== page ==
While we're not exactly fans of the conspiracy-minded franchises like "The Da Vinci Code" or "National Treasure" -- movies that attempt to decipher historic characters via ludicrous false histories -- the trend is not going away, and now thanks to “The Dark Knight” co-writer David Goyer, another such project is coming.
Starz has made an eight-episode order for the Goyer-penned “Da Vinci's Demons,” which is said to follow the 25-year old artist through his days spent in Florence, Italy, getting to the bottom of who he really is. While that may not sound like the sort of historical grave digging found in “The Da Vinci Code,” Goyer adds, “This will be a show about secret histories, genius, madness, and all things profane." So yeah, that whole “secret histories” thing has us thinking he’ll be taking the Dan Brown route on this project.
While the screenwriter may be putting forth some of his “Batman Begins” experience on this, since it sounds as if they’re telling the Da Vinci origin story, let’s hope the show’s quality is at the very least in line with Starz’s very own “Spartacus.” While Goyer has delivered admirably for Nolan’s Batman series, and also penned solid efforts like “Blade II” and “Dark City,” he's also the guy who gave us “The Unborn” and “The Invisible” (both of which he also directed).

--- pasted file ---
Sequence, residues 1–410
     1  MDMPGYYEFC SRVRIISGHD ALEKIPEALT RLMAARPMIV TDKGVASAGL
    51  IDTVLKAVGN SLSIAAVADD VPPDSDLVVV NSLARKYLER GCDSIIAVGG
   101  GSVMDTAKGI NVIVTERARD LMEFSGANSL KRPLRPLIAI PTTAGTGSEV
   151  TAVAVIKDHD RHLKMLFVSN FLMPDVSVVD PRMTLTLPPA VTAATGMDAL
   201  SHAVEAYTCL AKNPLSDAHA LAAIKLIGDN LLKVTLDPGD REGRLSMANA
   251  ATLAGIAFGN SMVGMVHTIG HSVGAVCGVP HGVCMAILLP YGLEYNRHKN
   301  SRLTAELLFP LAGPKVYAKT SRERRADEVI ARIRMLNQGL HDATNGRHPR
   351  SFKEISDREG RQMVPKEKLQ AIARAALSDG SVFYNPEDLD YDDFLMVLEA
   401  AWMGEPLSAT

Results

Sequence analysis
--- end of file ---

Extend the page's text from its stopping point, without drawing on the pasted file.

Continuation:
So we're a bit wary, but Goyer is a very busy boy these days. He's been writing “Monsters” director Gareth Edwards’ “Godzilla” reboot, potentially writing and directing a remake of “The Invisible Man,” and adapting the comic “100 Bullets” for a Showtime television series. And there's another one titled "Man Of Steel" you might have been hearing about. At the very least, we hope that “Da Vinci Demons” is nothing like the other Goyer produced/written television series “Flash Forward,” which was quickly canceled after folks realized it just really wanted to be like “Lost.” No word yet on when we’ll see a pilot for this one, but we’d assume that with Starz currently experiencing strong reviews and ratings for the Gus Van Sant produced "Boss," they're eager to built a slate of quality programming to rival the folks at HBO, AMC and Showtime. [Vulture]